Of course at that point I saw him as breaking the must bargain convention. Instead, he suggested I play the flute some more. Once again I tried it, and made some even prettier sounds than I had before. Once again I repeated my offer, and once again he refused. He clearly was not going to bargain. So somewhat self-righteously, I walked out of the shop—proving to myself, later, that I am capable of doing something really foolish.

I walked out and went back to the place where we were staying. That night we went out to eat and listen to some music. Walking around afterward, I started thinking how stupid it was to walk away from that flute. Where would I ever find a handmade instrument like that? It wasn’t one of those cheap bamboo flutes—it was quality. So I decided to go back the next day—maybe offer him the equivalent of seven dollars. Even if I had to pay full price, I’d get the flute. When we got back to our room, we drank some pisco, and I told everybody the story, and we all had a good laugh out of it.

The next day I had things to do, so I didn’t get to the shop till the afternoon. I went in and reminded him that I was the guy who was looking at that flute there yesterday, and was still interested in it. He told me that someone had come in earlier and bought it. I felt even more dimwitted than I had before. I asked him if he had any others like that one, and he told me that he rarely made them, because people play quenas. I asked him if he could make one for me, and he told me that he would have to find a special kind of wood, but if I came back early next year (it was then November), he might be able to have one for me. I walked out with an awesome feeling of regret, and an equally awesome lesson. I was really disappointed.

I went back and told my friends what had happened. We had a good discussion about lessons and learning, and how sometimes pain is a good teacher. Soon afterward, we flew back to California. By then the pain of my blunder had somewhat left me, and I was left with the lesson.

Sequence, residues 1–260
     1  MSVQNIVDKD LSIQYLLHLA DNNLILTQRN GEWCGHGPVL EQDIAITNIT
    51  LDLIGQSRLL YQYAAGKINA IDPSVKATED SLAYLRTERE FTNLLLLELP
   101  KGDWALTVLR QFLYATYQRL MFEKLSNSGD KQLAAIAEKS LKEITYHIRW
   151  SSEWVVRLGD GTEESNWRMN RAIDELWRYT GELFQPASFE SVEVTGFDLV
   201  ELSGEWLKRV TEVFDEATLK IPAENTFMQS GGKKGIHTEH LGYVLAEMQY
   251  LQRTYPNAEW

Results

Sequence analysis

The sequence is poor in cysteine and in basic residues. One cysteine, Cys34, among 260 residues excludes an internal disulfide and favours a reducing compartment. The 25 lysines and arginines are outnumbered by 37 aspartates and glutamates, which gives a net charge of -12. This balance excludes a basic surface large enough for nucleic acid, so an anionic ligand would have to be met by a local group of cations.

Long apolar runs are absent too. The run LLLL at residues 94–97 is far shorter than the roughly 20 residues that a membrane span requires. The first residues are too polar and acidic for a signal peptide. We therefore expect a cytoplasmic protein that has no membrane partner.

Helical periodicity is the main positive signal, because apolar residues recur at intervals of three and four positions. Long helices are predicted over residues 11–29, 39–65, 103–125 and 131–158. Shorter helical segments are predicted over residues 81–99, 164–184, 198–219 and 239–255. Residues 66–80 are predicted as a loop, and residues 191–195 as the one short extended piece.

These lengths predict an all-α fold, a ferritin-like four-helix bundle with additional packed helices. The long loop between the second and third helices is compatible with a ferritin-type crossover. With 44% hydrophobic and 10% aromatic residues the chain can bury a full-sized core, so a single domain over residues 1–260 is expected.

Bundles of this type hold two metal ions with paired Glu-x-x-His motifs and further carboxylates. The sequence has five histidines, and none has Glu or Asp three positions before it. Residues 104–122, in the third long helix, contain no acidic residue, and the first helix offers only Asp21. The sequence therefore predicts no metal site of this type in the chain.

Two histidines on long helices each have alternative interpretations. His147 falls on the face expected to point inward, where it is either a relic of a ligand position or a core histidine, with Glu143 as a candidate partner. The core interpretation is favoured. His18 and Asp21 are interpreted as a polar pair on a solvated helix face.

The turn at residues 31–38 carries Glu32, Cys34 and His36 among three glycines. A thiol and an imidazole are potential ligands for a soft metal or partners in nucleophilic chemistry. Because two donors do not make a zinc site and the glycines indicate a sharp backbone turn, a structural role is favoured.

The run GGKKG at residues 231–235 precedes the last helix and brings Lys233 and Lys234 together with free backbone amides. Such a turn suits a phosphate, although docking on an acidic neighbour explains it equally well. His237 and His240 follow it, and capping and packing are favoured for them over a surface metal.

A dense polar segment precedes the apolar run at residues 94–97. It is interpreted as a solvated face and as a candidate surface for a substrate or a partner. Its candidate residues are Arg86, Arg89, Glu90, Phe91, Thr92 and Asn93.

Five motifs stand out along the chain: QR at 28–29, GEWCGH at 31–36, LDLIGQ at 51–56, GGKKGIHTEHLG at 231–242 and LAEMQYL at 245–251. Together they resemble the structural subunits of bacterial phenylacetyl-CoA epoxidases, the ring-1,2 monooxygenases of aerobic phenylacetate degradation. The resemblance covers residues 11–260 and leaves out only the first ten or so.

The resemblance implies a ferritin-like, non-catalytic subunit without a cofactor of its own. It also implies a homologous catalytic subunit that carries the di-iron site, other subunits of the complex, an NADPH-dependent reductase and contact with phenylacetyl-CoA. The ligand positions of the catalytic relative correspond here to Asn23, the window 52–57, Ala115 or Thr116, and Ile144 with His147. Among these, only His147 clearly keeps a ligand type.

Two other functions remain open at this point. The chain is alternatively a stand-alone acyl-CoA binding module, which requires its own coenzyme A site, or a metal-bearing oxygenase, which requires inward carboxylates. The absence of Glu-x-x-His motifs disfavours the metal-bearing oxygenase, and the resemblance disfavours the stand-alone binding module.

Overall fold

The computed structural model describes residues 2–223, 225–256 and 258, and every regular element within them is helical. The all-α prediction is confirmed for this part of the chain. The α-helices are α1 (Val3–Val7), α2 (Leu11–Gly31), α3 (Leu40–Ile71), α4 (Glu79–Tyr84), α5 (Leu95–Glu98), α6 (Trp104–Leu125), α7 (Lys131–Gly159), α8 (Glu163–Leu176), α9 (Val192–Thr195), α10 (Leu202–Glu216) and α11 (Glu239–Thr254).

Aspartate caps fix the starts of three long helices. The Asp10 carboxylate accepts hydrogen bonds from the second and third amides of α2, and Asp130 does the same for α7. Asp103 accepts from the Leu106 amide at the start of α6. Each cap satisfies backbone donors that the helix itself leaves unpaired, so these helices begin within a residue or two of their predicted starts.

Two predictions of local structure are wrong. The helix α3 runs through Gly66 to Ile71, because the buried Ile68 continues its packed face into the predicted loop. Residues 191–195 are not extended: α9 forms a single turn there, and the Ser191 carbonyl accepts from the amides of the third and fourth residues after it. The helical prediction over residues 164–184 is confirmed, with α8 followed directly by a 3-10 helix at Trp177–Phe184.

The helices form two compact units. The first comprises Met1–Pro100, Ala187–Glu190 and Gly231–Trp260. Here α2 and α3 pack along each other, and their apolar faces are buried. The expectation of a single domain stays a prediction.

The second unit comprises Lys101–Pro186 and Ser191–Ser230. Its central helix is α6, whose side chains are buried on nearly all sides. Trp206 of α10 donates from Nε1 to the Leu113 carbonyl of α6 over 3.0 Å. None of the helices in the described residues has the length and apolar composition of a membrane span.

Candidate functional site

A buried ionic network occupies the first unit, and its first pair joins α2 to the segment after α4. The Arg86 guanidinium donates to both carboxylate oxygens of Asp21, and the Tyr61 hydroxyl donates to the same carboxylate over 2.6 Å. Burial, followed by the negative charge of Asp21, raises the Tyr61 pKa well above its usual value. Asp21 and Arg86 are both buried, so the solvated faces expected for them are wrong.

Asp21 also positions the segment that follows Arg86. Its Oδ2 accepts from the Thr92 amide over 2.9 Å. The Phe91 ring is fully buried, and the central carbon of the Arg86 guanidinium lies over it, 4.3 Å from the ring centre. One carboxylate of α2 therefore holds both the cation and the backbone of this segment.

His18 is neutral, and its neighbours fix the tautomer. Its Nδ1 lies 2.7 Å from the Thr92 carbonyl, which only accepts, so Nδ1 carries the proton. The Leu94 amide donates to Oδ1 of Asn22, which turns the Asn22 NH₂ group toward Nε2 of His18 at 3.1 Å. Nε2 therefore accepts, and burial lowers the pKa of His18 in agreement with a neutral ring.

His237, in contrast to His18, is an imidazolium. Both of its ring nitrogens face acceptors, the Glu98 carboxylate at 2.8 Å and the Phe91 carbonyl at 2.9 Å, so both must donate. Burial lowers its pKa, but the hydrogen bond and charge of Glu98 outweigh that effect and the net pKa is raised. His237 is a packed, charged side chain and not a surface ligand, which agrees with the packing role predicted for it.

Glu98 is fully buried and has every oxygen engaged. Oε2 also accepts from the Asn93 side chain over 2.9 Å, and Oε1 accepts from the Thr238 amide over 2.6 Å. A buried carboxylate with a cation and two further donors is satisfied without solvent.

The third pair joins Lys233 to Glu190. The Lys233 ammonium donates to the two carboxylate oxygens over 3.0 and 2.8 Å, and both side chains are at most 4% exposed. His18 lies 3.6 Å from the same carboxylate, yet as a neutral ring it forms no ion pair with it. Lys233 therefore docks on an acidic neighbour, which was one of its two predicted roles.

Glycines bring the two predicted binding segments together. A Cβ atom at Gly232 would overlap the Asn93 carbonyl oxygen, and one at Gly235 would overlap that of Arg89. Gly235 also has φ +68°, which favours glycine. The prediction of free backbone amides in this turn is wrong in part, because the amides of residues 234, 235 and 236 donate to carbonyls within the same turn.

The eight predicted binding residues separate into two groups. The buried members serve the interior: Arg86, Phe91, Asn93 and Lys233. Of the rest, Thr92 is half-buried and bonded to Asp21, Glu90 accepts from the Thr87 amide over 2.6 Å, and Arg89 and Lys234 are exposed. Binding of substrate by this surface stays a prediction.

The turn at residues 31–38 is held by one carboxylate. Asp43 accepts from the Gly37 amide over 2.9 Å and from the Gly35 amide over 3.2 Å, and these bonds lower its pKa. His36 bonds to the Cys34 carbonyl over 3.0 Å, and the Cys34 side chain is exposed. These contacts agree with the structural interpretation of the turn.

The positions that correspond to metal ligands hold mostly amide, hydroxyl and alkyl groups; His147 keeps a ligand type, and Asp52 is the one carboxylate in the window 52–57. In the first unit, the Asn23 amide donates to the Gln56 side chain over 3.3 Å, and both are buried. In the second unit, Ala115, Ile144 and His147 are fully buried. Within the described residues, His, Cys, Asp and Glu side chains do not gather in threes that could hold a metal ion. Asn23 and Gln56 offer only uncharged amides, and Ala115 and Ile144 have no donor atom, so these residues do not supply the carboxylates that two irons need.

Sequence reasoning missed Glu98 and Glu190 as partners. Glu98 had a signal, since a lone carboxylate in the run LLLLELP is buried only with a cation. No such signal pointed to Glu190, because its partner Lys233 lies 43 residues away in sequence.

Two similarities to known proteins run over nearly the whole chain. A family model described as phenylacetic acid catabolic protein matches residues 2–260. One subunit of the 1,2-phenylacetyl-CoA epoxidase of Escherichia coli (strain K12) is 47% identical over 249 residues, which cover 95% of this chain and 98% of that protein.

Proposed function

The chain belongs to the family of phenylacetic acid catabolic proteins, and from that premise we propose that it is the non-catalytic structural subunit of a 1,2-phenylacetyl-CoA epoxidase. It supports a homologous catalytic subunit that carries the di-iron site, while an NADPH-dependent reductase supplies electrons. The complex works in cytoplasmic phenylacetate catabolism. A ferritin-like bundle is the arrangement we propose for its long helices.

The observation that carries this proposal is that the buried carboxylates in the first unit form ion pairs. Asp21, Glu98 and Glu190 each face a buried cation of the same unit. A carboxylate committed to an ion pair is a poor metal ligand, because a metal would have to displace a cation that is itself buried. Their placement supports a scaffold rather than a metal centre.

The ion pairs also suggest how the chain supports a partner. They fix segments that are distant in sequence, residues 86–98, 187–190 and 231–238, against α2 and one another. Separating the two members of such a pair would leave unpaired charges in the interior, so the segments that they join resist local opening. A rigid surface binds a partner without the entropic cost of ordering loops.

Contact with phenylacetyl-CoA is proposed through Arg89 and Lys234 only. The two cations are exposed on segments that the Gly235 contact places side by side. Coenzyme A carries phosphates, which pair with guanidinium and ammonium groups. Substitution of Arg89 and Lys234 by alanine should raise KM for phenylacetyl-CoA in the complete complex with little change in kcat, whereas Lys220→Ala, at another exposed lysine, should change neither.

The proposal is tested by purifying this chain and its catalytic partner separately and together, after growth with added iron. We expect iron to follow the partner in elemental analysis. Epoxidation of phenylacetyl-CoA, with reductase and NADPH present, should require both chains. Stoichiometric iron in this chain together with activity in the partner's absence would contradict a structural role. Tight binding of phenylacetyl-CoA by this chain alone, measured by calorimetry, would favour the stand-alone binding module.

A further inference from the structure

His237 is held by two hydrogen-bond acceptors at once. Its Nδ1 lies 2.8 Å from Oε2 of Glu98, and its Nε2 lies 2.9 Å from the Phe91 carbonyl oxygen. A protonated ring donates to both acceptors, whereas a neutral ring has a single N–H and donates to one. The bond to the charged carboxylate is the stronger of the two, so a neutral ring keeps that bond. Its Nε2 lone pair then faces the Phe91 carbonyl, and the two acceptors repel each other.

We got back about a week or so before Thanksgiving, and my birthday. A few of my friends threw a birthday party for me; there were about a dozen people there—the people who had gone to Peru and a few others. The flute was long gone, and the pain was less gone, but I wasn’t thinking about that much anymore.

We had the candles in the cake, and the Happy Birthday to You song, after which people were handing me boxes and things. After reading one of the cards—it was from Linda—I started unwrapping the present that went with it. She asked me to guess what it was before I opened it. I didn’t have a clue what it was. I tore off the paper and opened the long narrow box. It was the flute. I don’t think I could describe how happy seeing that flute made me. Not only did I learn an important lesson, but I didn’t have to suffer for very long after it, thanks to a remarkable gesture from a remarkable friend.

I don’t want to tarnish this love story with a lengthy moral, so here’s a short one: We all have habits and ways we have done things in the past. Many of them are useful practices that have developed out of necessity and can be applied to our benefit. But if our actions are repeated unconsciously, that is, without asking ourselves whether they are appropriate for the moment, we will sometimes cause ourselves unnecessary suffering.

Editor’s note: Excerpted from Justin Time, Autobiographical Stories from an American Spiritual Master, By J. Jaye Gold. Published 2016 by Peradam Press.

J. Jaye Gold, in his younger years, studied at a 500-year-old experimental Naqshbandi Sufi school in northeastern Afghanistan. He now lives in Northern California and has authored four published books: Another Heart in his Hand, Highway of Diamonds, The Roca Group, and Justin Time. He is the founding director of the Center for Cultural & Naturalist Studies, a charitable organization that focuses on relief building projects worldwide. For more information, visit